“My father had made a slicing machine called the Verti-Groove with Dale to help drainage,” said John. “Dale was quite a critic; but every piece of equipment we had, I would go to the Orange Bowl, and we would try it out. I would then take it to golf courses and try to sell it out of the trunk of my car. The Penetrometer was one of the first things we invented. We had a moisture sensor, pH meter and thermometer, and we started leaning toward diagnostic tools.”

Tom Mascaro turfgrass
Tom Mascaro (right) with his son, John, at the 1990 Florida Turfgrass Show

Tom and John Mascaro built Turf-Tec as a mail order company, with John typing labels on a typewriter and mailing flyers to golf courses and sports fields.

“We would get a check in the mail with the order form, and we would ship out the product,” said John.

John got to work with his father for 12 years, and together the two invented a wide range of products for the turfgrass industry. Tom Mascaro passed away in 1997.

“He loved making things,” John recalled. “Art was a hobby; he did clay sculpting, wire sculpting, and just liked to make things with his hands. As a kid, I used to hang around and watch him sculpt or repair things. He could repair or make anything. I learned a lot from him.”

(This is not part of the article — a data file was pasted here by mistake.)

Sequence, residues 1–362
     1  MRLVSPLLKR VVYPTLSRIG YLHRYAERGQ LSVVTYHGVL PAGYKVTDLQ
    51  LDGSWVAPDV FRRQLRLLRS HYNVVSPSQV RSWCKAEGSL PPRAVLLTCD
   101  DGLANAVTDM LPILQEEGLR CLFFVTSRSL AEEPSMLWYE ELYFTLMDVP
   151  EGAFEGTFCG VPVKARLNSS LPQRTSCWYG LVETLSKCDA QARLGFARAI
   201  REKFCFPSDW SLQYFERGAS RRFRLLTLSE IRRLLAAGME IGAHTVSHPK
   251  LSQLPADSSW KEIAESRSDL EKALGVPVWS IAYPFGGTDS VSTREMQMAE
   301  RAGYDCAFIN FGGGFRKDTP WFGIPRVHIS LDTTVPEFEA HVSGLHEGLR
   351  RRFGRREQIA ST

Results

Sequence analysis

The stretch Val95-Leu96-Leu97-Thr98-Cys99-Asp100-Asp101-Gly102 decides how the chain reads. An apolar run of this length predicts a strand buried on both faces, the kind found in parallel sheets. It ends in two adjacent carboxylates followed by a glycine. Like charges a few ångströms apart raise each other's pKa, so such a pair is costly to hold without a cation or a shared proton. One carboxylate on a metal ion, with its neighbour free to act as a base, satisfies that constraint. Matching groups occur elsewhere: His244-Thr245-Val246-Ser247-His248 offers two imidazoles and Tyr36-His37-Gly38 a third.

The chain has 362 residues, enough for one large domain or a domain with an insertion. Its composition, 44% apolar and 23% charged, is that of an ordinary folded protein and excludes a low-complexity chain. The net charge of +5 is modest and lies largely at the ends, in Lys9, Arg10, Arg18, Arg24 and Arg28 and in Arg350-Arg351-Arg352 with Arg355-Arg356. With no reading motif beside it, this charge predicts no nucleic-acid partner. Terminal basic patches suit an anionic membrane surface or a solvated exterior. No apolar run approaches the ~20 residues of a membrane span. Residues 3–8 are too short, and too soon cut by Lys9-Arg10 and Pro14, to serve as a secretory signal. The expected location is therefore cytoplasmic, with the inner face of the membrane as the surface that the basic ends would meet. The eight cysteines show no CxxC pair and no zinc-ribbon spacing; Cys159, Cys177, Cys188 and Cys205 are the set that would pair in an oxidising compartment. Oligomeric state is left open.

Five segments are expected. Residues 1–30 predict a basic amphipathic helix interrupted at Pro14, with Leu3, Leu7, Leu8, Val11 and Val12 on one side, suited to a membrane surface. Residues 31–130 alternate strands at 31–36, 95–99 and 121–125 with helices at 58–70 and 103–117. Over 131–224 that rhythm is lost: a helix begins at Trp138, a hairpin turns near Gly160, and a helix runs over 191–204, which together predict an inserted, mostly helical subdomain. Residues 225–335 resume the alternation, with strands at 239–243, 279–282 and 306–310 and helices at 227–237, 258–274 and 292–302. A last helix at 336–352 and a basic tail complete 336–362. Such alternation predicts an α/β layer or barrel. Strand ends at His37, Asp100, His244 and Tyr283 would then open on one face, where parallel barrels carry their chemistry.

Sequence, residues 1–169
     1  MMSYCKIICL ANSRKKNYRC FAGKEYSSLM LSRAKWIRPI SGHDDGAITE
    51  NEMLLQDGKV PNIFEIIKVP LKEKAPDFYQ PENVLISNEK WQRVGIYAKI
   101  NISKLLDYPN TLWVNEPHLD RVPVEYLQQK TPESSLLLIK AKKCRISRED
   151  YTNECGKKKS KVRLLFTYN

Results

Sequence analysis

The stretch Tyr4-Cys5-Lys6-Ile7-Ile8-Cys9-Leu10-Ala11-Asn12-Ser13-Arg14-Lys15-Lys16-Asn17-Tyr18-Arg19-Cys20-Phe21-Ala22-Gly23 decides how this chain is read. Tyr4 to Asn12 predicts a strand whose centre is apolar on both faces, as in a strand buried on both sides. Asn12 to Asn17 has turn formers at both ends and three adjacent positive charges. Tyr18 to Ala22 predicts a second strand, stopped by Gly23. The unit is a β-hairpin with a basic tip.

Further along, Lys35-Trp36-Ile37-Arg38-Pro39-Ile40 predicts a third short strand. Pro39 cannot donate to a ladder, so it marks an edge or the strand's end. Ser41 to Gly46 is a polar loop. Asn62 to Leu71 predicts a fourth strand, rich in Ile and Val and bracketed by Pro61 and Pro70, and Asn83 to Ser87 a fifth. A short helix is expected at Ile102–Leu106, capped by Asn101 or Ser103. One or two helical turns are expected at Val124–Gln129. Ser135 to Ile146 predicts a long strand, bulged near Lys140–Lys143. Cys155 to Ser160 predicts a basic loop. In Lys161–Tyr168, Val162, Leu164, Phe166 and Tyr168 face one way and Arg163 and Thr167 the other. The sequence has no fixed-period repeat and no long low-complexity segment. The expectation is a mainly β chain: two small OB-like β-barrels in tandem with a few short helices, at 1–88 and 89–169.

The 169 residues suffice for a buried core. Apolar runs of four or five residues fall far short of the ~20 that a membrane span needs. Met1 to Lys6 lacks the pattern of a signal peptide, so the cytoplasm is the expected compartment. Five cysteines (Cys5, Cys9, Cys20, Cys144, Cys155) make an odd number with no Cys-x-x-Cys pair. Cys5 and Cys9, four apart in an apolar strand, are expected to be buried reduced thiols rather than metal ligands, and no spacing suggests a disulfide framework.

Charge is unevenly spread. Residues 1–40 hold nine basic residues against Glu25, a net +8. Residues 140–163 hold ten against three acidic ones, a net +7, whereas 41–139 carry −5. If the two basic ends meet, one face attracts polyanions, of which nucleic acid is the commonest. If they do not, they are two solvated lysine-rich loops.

According to John, many people don’t realize Tom’s contributions to the industry. For example, at early turfgrass conferences in the 1940s, Tom would carry a wire recorder, record the proceedings, have the information transcribed and turned into a booklet and then send it to all conference attendees free of charge. His goal was always to educate and advance the profession.

During his career, Tom taught turfgrass courses; lectured at approximately 20 turfgrass conferences per year for more than 50 years; served as an adjunct professor at Florida International University, Biscayne College and Nova Scotia Agricultural College; authored technical articles; developed a turfgrass correspondence course and a handbook for sports field managers and wrote a textbook tiltled “Diagnostic Turfgrass Management for Golf Greens.”

Among his many awards and accolades, Tom Mascaro received the U.S. Golf Association Green Section Award, the Distinguished Service Award from GCSAA, multiple Texas Turfgrass Association Awards, the Pennsylvania Turfgrass Council Recognition Award, the Oklahoma Turfgrass Research Foundation Award, Florida Golf Course Superintendents Association award for Lifetime Service, induction into the Oklahoma Turfgrass Hall of Fame and the STMA Lifetime Achievement Award. The Mascaro-Steiniger Turfgrass Museum at Penn State University was also named in his honor (and that of another industry pioneer — golf course superintendent Eb Steiniger).

Said John, “His creative mind was amazing. His inventions were way ahead of their time.”

John Kmitta is associate publisher and editorial brand director of SportsField Management magazine.